Popular opinion through the ages has typically held that leadership flows from the throne of the gods to a privileged few, as evidenced by most societies' willing subjection to and adulation for inherited royalty. In the biblical account contained in the first book of Samuel, the Israelites beg Yahweh to abandon his plans for a pure theocracy, asking in exchange not for democracy but for "a king to lead us." The equation began to change at the end of the global tendency toward dynastic succession and the advent of republican government and other broad meritocracies.
Currently, in an era that can be considered far more Carlylean than Tolstoyan in its worldview, the analysis of living and dead authorities has given way to a dramatic development: the belief that leaders can and should be trained. The worldwide explosion of leadership study and leadership development is an even more recent phenomenon, launched primarily at American universities. Beginning in the 1960s, the most informed academic opinions held that leadership could be taught effectively if prevalent past assumptions about human nature could be overcome. The concept grew in popularity through the 1970s and 1980s, and the result by the turn of the twenty-first century was a $250 billion industry—the amount spent annually on management training and executive education around the world.
Leadership theory and development was to a degree an off-shoot of inquiry into organizational life, as industry and government bureaucracies evolved rapidly, with figures such as Vienna-born economist and management editor Peter Drucker forging roles as key commentators. Theories of organizational life gradually gave way to theories of leadership as an exalted vocation.
Once scholars began not only to assess the impact of leaders but to dissect the traits that fueled their success, a legion of authors and consultants rose up to offer seven habits, ten techniques, or twenty secrets of top leaders. Eventually American corporations, universities, and even secondary schools began setting aside funds for leadership development programs.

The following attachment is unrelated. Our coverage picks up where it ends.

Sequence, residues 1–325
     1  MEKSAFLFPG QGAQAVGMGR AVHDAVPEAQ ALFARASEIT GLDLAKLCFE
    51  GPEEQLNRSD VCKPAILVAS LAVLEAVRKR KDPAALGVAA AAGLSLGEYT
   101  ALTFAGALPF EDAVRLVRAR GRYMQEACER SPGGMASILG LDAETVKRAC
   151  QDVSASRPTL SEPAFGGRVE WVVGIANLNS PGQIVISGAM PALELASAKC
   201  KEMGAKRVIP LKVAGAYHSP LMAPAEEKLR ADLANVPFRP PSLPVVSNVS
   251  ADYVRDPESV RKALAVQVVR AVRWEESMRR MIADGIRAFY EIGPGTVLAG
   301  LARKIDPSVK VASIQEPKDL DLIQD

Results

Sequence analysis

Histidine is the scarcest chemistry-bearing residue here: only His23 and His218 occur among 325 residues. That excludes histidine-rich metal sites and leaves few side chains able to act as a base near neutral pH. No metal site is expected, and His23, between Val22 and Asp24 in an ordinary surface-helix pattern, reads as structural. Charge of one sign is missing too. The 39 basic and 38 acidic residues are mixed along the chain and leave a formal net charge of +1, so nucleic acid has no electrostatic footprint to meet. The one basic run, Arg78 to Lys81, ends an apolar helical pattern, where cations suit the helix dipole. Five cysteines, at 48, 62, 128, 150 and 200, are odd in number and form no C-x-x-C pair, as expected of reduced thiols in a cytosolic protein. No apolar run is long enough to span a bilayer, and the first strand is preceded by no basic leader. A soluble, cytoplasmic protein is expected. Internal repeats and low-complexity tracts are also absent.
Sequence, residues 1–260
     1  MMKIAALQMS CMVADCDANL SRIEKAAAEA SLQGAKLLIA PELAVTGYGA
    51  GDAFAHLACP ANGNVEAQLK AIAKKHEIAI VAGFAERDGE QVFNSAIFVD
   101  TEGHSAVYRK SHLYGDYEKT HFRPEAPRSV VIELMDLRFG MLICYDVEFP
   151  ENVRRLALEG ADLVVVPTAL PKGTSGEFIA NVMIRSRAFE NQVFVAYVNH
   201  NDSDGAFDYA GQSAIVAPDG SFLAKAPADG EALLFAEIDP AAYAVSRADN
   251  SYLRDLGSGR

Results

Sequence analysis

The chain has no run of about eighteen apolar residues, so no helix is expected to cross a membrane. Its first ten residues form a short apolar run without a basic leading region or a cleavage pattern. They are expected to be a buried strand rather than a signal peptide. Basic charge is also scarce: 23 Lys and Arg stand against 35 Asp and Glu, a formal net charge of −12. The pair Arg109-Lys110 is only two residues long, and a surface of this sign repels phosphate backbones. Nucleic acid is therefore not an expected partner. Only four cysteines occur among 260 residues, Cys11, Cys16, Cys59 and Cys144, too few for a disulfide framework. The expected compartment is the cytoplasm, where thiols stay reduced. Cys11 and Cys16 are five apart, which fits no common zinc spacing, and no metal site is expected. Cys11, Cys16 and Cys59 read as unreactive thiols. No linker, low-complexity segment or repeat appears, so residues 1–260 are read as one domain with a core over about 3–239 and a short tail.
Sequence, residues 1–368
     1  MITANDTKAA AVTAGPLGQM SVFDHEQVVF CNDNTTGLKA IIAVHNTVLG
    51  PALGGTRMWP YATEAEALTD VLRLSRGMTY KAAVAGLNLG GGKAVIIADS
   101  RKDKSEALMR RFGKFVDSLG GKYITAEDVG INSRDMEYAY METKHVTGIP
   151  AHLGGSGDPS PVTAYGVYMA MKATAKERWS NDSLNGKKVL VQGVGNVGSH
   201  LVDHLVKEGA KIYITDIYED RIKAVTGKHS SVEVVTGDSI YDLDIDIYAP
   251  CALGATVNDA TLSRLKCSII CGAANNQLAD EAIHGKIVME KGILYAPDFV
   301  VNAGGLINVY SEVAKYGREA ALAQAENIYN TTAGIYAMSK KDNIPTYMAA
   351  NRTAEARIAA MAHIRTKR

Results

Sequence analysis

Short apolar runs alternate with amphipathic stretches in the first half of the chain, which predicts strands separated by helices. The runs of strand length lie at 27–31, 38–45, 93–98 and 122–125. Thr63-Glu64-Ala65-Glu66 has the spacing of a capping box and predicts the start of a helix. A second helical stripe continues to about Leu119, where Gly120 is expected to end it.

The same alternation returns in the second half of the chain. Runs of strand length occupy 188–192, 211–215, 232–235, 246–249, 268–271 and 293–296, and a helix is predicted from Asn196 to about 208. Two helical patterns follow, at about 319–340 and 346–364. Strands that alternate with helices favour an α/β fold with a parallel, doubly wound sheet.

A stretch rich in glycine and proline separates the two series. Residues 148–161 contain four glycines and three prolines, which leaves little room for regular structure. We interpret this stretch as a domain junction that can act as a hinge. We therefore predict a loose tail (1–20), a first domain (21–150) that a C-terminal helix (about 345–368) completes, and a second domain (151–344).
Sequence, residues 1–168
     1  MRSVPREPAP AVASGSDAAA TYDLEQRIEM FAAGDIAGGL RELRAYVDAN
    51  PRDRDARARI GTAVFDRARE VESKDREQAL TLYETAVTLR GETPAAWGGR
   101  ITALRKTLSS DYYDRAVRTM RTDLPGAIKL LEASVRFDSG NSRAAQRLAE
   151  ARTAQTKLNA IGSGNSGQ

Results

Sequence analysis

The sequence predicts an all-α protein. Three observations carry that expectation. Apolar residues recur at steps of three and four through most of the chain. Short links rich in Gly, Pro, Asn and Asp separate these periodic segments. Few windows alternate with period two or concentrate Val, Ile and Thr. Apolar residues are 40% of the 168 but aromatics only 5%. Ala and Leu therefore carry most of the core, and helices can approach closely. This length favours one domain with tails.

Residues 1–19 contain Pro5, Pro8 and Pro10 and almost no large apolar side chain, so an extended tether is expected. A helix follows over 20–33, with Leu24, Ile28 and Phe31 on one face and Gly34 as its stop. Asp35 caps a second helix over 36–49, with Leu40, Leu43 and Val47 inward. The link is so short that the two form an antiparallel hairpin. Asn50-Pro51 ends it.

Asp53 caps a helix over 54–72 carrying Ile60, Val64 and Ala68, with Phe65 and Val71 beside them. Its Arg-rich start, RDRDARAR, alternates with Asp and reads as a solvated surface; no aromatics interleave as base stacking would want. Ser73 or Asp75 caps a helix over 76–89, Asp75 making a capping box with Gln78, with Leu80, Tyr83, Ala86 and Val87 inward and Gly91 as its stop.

The Rise of Contemporary Leadership Theory
Theories of leadership in any period are driven by a set of convictions and hopes on the part of the theorist. One conviction is that rapid societal evolution makes it imperative to keep one's pulse on social changes and their implications for how groups of human beings can best be led, an inherent assumption in the writings of leadership theorist Rosabeth Moss Kanter and numerous other scholars. A competing view is that human nature is static and unchanging and that the lasting lessons of history provide surer instruction in leadership than do the passing ripples of modernity. Ironically, the exemplars of this view are relatively ancient figures such as Lao Tzu and Machiavelli.
A core Western assumption about leadership is that leaders who succeed have "vision," a tangible end goal toward which they and their followers can strive. But countless Eastern leaders have been more influenced by the worldview of Lao Tzu, who observed, "A good traveler has no fixed plans and is not intent upon arriving.… Let go of fixed plans and concepts, and the world will govern itself" (Lao Tzu, chapters 27 and 57).
In a related manner, some maintain that the leader must be an idealist set on speaking to that which is highest, while others hold that a leader must be a realist who is aware of human limitations. Plato contended in The Republic that:
until philosophers are kings, or the kings and princes of this world have the spirit and power of philosophy, and political greatness and wisdom meet in one, and those commoner natures who pursue either to the exclusion of the other are compelled to stand aside, cities will never have rest from their evils.
Yet as though he were responding directly to Plato, Machiavelli soberly observed in The Prince almost two thousand years later: